I think this is just another symptom of our post-modern society has left for us;  today’s world tells us that if you have an opinion on something, apparently you are “judging” the people who have a different opinion. And it follows that society would like you to just shut up.

But what happened to the great American free marketplace of ideas?  What happened to rigorous and scholarly debate, with evidence, over issues that affect our society?  What’s worse, it seems you can only have an opinion on something today if you have lived through it, felt its wrath, or walked in its shoes.  Because in our modern culture, it’s all about FEELINGS, folks. If you have reams of evidence on the positives or negatives of something, apparently this is not applicable—what matters is how you FEEL about the issue and whether people like how you said it.

Which leads us to those heartbreaking videos of Brittany produced by “Compassion & Choices” (formerly known as The Hemlock Society).  The up-close glimpse into her personal agony and suffering contrasted with the beautiful, young, energetic newlywed she was just a year ago.  Of COURSE we feel bad for her.  Of COURSE we want her to feel better…whatever she requests…after all, who are WE to turn her request down?  We shouldn’t “judge!”  We haven’t been through anything like that.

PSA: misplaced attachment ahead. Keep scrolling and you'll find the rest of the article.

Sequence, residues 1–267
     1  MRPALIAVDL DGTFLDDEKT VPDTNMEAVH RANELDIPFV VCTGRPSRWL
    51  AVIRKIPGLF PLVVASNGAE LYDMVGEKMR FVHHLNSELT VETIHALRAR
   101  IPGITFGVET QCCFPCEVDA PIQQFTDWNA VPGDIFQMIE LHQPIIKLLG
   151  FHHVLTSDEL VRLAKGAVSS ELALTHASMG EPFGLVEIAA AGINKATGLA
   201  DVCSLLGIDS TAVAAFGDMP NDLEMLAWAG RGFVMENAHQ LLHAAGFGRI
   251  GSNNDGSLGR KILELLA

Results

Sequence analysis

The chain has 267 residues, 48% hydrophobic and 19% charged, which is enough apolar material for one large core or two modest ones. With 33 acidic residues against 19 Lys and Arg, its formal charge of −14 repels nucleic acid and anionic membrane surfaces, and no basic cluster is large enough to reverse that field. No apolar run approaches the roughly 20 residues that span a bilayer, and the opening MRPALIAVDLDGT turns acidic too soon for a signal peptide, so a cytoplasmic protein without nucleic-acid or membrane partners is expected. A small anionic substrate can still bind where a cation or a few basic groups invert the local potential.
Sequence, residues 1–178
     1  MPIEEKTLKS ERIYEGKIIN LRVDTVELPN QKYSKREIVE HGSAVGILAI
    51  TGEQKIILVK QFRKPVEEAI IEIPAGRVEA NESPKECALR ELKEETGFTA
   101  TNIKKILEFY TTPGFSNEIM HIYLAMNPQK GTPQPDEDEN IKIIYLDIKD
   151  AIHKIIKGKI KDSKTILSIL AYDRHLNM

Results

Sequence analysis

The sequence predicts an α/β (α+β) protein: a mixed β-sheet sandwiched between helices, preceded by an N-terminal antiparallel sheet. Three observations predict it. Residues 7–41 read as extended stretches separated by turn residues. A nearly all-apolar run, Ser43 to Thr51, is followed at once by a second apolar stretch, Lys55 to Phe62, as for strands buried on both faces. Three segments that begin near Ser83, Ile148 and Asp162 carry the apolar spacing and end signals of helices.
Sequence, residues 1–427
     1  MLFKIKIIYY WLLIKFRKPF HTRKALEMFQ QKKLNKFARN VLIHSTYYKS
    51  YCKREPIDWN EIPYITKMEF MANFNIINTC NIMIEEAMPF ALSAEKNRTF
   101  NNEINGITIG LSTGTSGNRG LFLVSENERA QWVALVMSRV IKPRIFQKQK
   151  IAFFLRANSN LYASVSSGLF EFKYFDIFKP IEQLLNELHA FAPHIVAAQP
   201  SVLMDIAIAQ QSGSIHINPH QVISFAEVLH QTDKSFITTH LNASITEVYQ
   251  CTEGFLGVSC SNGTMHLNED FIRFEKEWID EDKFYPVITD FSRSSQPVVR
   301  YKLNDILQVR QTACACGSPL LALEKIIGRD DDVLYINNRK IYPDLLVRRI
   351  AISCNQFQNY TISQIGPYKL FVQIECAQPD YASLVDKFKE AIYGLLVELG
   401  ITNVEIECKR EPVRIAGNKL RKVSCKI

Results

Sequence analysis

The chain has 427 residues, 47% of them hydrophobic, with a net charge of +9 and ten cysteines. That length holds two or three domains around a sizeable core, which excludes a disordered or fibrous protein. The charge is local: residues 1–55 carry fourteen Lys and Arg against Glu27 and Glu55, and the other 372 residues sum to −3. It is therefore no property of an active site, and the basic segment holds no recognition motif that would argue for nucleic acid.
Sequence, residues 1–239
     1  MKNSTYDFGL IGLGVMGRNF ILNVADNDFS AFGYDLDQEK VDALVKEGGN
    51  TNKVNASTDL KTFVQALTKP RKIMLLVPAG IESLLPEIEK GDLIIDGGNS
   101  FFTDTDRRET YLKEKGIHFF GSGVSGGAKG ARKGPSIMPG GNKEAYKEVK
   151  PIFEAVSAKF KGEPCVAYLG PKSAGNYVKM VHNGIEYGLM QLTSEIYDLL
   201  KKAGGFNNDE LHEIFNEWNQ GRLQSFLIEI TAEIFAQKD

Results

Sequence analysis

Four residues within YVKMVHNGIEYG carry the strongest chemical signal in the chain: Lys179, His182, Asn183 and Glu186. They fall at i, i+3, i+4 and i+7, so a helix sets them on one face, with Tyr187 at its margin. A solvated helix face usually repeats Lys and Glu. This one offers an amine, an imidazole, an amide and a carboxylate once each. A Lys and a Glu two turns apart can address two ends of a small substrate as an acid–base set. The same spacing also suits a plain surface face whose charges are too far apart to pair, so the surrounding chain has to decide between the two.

But here’s the thing: It’s not just about Brittany; or just about me; or just about anyone else with a terminal illness or a disability.  It’s about ALL OF US! Her videos took one person’s very real, very tragic situation and tried to put it into a narrative that applies to everyone. And that leads to the old saying that judging on the basis of the hard cases makes bad law.